Travel seems to be part of our universal experience as mobile organisms. We are on the move as soon as we can scoot or crawl across the ground. Baby animals and birds move as soon as they are able as well. Some of us move around close to home all our lives, but many of us feel the need to move well beyond our own dens, nests or backyards.
Today, humans don’t have to travel for survival as they once did, at least where most of us live. We don’t have to follow the herds of meat- and life-giving animals. We don’t have to follow the warmth of the sun. Some of us travel the world for work, or at least commute an hour or two each way. Mostly, we humans travel today because we want to see and experience new things. Some travel according to season, following the sun or the snow.
The rest of nature still travels out of necessity, however. Birds that eat flying insects or feed in open waters must leave the frozen north behind to feed in friendlier, southern climes. Some mammals travel great distances each season in order to find food and safety.
Closer to home, animals and birds travel shorter distances. Flocks of turkeys travel from one neighborhood to another. Deer move through forests and fields to find food and coyotes and foxes follow the trails of those animals as well as mice and voles, rabbits and squirrels.
Squirrels sprint from yard to yard, tree to tree and small flocks of chickadees, nuthatches, titmice and woodpeckers make their way through wooded patches looking for food.
This week I sat in traffic that had come to a standstill on a usually busy road. An ambulance and police car screamed past us and it didn’t take much for us to realize there was an accident ahead. This time the accident was minor but sometimes people aren’t so lucky. As we crept along the road, hoping to reach our destinations before we were late to work or school or dentist appointments, I noticed evidence along the side of the road that an unfortunate squirrel had not made it safely to the other side.
Travel is full of peril, whether it is a short distance or a long distance. Whether human, bird or animal there are dangers from weather, vehicles, gunshots and natural predators. There are also things that simply stop us in our tracks. Water without bridges, mountains without trails or roads, roads full of traffic that is treacherous to cross and fences that don’t let anyone or anything pass through.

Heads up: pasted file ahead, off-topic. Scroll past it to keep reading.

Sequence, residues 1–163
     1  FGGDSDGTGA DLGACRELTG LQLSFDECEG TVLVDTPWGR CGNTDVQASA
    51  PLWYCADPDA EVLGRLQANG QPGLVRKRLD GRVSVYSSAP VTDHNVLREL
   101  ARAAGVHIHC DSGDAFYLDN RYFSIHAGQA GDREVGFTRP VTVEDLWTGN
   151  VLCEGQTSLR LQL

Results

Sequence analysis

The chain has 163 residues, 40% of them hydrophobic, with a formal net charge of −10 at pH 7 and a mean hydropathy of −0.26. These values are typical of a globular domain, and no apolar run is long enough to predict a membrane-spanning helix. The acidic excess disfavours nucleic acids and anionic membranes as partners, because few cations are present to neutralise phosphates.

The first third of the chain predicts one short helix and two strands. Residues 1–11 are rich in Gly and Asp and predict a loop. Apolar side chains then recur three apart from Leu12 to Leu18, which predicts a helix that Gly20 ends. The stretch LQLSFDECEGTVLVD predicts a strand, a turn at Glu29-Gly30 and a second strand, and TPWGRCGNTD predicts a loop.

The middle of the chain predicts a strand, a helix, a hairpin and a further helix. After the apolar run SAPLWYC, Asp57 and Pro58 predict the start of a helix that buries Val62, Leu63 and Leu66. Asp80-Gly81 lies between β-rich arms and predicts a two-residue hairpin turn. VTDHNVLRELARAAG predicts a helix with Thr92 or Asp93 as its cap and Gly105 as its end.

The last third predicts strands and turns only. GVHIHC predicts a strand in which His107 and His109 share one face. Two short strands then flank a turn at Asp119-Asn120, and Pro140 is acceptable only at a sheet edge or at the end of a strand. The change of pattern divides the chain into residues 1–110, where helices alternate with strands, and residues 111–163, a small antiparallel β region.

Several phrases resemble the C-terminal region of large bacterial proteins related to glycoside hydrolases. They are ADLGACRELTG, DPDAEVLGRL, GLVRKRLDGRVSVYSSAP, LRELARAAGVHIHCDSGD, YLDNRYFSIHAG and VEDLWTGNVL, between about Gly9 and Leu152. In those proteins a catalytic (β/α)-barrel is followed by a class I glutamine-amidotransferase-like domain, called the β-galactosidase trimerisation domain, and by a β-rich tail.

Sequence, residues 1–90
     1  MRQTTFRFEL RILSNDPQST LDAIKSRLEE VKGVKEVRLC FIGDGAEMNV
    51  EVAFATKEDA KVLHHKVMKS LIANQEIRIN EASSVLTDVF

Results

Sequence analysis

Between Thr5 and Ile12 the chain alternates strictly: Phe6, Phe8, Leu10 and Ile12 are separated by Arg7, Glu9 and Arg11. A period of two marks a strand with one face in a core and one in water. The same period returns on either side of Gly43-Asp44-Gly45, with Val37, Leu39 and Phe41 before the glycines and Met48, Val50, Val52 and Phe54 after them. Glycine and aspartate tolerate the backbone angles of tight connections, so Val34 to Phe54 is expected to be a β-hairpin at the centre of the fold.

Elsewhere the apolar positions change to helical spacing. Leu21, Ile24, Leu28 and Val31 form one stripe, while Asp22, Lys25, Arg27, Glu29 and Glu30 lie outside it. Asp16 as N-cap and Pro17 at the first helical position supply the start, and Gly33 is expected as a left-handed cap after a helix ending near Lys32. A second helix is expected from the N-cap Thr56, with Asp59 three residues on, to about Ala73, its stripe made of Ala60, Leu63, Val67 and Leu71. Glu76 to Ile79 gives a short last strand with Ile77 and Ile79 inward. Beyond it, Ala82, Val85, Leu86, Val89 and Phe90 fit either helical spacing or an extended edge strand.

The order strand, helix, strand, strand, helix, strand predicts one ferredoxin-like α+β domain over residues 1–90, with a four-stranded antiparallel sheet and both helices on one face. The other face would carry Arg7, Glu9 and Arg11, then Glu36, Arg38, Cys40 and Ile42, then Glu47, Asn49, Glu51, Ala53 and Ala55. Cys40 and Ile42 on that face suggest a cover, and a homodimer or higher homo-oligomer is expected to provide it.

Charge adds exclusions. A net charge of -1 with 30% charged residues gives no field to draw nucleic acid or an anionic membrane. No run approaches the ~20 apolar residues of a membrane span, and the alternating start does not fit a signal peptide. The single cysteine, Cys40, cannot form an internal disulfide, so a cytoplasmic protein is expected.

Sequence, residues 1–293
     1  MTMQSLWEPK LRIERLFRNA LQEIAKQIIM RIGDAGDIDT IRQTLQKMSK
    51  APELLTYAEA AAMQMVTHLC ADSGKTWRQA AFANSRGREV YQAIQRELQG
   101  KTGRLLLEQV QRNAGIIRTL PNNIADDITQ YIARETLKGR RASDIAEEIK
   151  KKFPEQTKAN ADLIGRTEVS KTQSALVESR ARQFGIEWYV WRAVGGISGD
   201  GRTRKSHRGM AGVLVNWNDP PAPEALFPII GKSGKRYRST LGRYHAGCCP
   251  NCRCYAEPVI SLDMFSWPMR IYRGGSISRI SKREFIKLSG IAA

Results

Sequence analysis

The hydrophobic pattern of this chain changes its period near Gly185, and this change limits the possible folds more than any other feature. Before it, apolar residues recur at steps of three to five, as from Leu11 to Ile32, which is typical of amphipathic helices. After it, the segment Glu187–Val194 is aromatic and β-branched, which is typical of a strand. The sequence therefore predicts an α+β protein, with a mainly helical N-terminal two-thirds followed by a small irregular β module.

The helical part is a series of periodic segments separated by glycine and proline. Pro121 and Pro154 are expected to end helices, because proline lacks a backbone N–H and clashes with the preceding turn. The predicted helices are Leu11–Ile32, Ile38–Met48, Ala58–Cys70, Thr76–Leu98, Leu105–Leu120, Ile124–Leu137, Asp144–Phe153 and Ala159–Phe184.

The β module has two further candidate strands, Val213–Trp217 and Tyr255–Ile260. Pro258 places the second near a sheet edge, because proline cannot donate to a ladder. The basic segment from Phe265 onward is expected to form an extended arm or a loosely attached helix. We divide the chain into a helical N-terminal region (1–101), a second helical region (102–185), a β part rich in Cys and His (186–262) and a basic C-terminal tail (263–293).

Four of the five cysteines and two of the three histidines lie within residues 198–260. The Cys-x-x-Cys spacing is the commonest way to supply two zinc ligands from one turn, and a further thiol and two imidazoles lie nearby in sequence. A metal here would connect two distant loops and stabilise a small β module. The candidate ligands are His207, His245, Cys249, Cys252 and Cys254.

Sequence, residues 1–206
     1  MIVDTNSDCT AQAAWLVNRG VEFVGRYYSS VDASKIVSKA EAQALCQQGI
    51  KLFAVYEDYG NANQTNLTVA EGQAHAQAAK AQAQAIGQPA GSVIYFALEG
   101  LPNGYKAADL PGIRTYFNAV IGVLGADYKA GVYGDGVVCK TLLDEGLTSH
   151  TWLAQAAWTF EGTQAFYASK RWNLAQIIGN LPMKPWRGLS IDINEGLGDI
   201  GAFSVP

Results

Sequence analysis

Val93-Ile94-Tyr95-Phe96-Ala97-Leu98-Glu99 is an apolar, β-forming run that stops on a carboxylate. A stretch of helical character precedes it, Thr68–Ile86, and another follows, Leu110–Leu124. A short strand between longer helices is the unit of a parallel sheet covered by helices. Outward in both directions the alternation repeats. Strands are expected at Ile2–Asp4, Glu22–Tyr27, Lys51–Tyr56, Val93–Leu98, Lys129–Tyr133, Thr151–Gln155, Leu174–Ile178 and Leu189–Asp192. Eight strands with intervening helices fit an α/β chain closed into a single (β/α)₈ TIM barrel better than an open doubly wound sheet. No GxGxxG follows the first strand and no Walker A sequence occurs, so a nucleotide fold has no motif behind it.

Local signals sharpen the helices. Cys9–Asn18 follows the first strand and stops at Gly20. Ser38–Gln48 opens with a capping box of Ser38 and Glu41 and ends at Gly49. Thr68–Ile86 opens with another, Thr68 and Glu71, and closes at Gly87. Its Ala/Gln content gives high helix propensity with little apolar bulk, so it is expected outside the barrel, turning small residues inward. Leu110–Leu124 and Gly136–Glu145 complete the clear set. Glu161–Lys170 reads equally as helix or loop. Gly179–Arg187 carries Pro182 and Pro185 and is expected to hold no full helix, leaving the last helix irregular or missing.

A few years ago, I was on a walk in the spring when I came across a box turtle that was on the move. It was a male and given the time of year and the location, my guess was he was looking for a mate. He wasn’t getting very far as there was a chain link fence in his way. One might argue that turtles don’t have a lot of logical reasoning power, and this one just kept pushing forward with all four legs going full speed ahead even though he was at a full stop. I picked him up and moved him to a spot on the side of the fence where he could crawl on his way, but I worried about his return and any future trips he might make.
If you travel through the Province Lands on a damp spring night you know that the spadefoot toads are on the move. Spotted salamanders and other toads and frogs are crossing the roads as well and there are signs and rangers there to let you know you must slow down and proceed with extreme caution. These small amphibians are no contest for giant cars, and you can often see the sad testimony on the roads the following morning.
In our apparent zeal to wall people out of places we think they don’t belong, it behooves us to remember that it isn’t just people that may be stopped by a wall. Thousands of animals travel from one place to another every year, and some are dependent on those travels to feed and procreate. People, given their resourceful natures, will easily figure out alternatives. Others, like my friend the box turtle, won’t be so lucky. This is true in our own yards as well as any larger boundaries. Travel has enough natural perils. The way I see it, we don’t need to add to them.